Springsure, 16th February, 1895.

    Thanks Ken – Clement Wragge who was Govt Meteorologist in Queensland from 1887 was an enthusiastic installer of Stevenson Screens.

  5. Another argument against the BoM’s refusal to use the pre-1910, is that the Central England Temperature data set dates back to 1759. Although the reliability and accuracy of some of the data is open to question, it is a record giving a good indication of the weather and until at least mid-19th century without Stevenson screens being used. It is time the BoM was told to use this data to tell the true story of our Australian weather and climate. A few degrees error up or down means very little. Most of the time there were newspaper and other records which bolster the story.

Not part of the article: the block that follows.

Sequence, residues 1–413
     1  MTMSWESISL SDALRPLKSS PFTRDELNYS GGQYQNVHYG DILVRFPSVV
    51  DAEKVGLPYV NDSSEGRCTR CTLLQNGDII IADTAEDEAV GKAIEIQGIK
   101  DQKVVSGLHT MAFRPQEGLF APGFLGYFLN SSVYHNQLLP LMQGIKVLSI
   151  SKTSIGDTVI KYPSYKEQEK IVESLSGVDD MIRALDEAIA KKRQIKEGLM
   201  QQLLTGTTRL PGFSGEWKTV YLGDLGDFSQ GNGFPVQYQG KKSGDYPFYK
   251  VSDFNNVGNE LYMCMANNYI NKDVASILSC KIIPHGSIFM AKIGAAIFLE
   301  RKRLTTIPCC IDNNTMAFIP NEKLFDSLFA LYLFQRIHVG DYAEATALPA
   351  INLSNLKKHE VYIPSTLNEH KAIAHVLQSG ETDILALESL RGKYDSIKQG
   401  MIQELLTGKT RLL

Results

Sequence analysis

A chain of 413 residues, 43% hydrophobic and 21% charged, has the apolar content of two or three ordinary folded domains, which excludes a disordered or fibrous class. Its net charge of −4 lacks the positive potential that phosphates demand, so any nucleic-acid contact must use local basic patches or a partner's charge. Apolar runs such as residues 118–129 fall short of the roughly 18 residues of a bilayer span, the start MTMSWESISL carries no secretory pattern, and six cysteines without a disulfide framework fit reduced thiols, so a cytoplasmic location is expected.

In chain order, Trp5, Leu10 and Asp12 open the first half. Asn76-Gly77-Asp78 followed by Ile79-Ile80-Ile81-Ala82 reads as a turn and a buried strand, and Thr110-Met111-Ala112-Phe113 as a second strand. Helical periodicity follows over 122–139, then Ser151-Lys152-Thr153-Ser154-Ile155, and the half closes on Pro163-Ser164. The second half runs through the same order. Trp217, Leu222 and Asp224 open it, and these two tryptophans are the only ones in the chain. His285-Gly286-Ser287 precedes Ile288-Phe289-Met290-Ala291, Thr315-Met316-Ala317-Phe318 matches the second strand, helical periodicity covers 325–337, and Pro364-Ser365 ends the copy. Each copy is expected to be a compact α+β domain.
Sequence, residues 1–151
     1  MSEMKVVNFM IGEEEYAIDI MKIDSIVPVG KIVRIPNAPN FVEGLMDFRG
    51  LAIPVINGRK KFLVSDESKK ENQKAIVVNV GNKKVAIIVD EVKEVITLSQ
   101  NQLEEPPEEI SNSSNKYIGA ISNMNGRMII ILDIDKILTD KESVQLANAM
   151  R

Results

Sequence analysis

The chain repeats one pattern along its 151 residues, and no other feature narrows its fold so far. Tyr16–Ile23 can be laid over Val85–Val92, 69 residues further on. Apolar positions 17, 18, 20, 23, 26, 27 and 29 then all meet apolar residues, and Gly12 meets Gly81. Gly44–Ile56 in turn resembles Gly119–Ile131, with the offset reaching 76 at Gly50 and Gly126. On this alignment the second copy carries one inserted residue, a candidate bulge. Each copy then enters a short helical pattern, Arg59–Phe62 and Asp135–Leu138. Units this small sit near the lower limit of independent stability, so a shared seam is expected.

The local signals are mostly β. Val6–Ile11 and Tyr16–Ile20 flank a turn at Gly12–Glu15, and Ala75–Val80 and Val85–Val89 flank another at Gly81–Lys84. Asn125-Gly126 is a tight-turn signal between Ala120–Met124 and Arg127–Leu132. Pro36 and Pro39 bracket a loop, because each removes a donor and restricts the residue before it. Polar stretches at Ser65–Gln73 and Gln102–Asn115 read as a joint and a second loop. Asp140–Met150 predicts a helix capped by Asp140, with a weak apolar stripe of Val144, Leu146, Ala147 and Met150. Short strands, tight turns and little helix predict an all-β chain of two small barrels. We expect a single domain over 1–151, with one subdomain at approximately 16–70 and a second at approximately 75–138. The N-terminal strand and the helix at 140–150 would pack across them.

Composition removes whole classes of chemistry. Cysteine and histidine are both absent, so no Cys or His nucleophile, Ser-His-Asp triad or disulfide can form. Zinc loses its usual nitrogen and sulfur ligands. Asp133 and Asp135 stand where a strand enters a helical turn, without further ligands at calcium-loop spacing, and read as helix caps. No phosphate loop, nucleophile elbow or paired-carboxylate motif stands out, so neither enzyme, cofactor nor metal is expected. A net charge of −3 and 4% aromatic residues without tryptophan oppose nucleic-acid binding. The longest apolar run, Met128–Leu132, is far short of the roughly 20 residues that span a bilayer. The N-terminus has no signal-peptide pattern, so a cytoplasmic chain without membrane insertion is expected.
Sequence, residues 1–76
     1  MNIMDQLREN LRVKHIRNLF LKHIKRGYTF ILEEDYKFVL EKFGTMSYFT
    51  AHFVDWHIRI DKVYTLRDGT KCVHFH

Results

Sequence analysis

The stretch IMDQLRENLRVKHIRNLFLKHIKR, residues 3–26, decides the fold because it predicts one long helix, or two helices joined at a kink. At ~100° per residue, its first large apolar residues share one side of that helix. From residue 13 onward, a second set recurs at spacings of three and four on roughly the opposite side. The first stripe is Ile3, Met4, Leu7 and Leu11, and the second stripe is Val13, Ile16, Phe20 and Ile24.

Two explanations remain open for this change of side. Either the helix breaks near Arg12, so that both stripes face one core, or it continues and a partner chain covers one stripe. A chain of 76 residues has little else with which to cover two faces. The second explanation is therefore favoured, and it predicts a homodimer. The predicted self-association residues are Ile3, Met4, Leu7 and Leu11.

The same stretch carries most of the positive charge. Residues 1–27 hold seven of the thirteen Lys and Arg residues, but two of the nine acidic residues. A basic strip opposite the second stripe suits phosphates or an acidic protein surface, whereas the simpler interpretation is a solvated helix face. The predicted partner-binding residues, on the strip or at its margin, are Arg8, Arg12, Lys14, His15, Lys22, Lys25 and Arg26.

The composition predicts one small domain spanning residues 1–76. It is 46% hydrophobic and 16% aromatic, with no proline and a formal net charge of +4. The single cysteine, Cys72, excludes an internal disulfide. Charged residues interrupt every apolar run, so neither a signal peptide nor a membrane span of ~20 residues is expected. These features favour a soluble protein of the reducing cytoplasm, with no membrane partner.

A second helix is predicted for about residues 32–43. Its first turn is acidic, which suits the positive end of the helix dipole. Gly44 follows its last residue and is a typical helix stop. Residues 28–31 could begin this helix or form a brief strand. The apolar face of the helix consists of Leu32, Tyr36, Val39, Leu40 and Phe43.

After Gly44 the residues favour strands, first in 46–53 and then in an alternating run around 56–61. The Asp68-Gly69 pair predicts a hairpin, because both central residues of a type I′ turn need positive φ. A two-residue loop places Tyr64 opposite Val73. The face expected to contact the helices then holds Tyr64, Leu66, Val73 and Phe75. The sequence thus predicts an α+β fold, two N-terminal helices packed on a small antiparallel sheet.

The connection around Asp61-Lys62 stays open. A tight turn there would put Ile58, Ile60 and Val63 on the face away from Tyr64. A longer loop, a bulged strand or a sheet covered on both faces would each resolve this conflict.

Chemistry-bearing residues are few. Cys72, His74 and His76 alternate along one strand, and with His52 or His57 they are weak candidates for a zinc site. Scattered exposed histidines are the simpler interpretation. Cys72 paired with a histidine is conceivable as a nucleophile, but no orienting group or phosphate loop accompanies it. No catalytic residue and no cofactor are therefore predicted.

There was a ‘complaint’ some time back of one station had regular missing data. When the set was examined Sundays were missing. The Post Office, where the instruments were located, was not opened on Sunday. In some towns some one would go to the P.O. and take the readings, possibly without having to open up the building.

  6. Re the Stevenson screen issue Paul – if you go here –
    Look for –
    1996 Nicholls, N., R. Tapp, K. Burrows, and D. Richards. Historical thermometer exposures in Australia. Int. J. Climatology, 16, 705-710.
    – can be downloaded

    Quotes the Adelaide experiment comparing Stevenson screen exposures with Glaisher stand which ran from 1887-1948 and found the Stevenson screen was only about 0.2 degree cooler on an annual mean temperature basis.
    I say just make the adjustment and use the extra decades of our climate history